I'm not trying to mince words and I know full well what you mean. But I think there is a serious point to be made that, when assessing your own standard of living, you should factor in as much as you can of all that stuff people call wishy washy because it resists easy quantification; doing something you have no/little interest in so you can have higher earnings and less debt, well, for me personally, that is a sacrifice in standard of living. (Perhaps 'quality of life' is a better phrase.) Otherwise just take your degree and get into marketing. Easier. Much better paid. "It's a living." ("It's a waste o' life!"). (If you don't care for it)
    Last edited: Apr 1, 2013
  14. Apr 1, 2013 #13


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    Since your background is humanities, going back to school for a couple of years to get a CS degree will not cause potential employers to even blink. It will look like a reasonable re-training to change careers. However, going back and changing course mid-stream and taking for 5 years just for another BS (even dual major) may cause some to question the wisdom of hiring you. Often a new hire engineer with a BS will take a couple of years before they earn their keep - so the training investment is huge. I recently heard (or read? cannot recall) about some engineering firms estimating $250,000 as a typical training cost for new hires! Employers may want to have some confidence that potential hires will stick to it to make their investment worthwhile.

    Just my 3 cents.

  15. Apr 1, 2013 #14


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    If you want to do an engineering degree, do one. But spending a year doing part of a computer science degree course first won't teach you anything much about engineering.

    Also, you might want to consider that if you haven't made any regular use what you learned in math or science courses before you started your detour into humanities, you will probably have forgotten most of it.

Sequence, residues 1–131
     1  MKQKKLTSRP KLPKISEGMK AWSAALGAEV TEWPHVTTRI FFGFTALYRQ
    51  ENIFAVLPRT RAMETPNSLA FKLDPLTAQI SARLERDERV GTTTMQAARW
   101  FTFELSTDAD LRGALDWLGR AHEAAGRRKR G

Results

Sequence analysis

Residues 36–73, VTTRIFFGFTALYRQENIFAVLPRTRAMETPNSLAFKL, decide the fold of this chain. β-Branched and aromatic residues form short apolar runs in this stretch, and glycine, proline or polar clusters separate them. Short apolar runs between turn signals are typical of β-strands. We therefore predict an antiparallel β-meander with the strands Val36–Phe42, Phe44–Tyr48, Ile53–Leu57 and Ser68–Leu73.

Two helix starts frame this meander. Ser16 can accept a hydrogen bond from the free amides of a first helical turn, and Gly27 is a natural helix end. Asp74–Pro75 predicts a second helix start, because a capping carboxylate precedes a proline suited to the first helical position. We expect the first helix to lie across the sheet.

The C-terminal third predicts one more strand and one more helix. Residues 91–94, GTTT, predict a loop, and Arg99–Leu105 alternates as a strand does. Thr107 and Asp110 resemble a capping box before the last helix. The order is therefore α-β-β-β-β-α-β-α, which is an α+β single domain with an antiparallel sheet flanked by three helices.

As for employability - well, yes, people sometimes discover they have made some bad decisions and backtrack. But would be a red flag for me (if it showed up when interviewing you) is that you don't seem to have a very realistic idea about what engineers (or computer scientists) working in industry actually do. They don't get hired to "work on hard science problems". They get hired to make money for their employers. That might involve doing a bit of hard science once in a while, or it might not. It might actually involve pretty much the same skill set that you (presumably) are bored with using in your current job...
  16. Apr 1, 2013 #15
    Actually, me and several of my classmates found out what engineering really is in our junior years. Some quickly decided it wasn't for them and changed majors. It was surprising to me to say the least because I envisioned engineering to be physics and math but it's not at all.

    To the OP: If you're considering EE or CS, I would highly recommend getting an Arduino or Raspberry Pi or start messing around with some code now to find out what you'll be doing. Every night that I'm debugging code or a circuit I think of how different engineering school is than what I thought it was going to be. :smile:
  17. Apr 7, 2013 #16
    Thanks for your input, I do appreciate it. The 1st year of CS isn't so much as a voluntary choice as the best route to early completion. It makes available the option of transferring into 2nd year engineering, wheras going straight for engineering requires some more prereqs, so its really a CS -> 2nd year eng by fall 2014 Vs 1st year eng in fall 2014.

    I do intend to interview with some engineers in the near future to learn more about their careers and work life, and same for CS. I have a much better grasp on what CS looks like already, however.

    Here is part of my motivation for the switch: The way I approach problems and material, and the types of problems I find most interesting, has a much much greater similarity with what I've encountered in dealing with people in STEM fields than my own. It's partly a strong interest in the material and content, but more and more I'm convinced by my affinity with their approaches to thinking about things.

    That's good advice. I have been doing some programming on my laptop but hadn't made the jump to working with breadboards or circuitboards like Arduino. I will give it a shot when I can.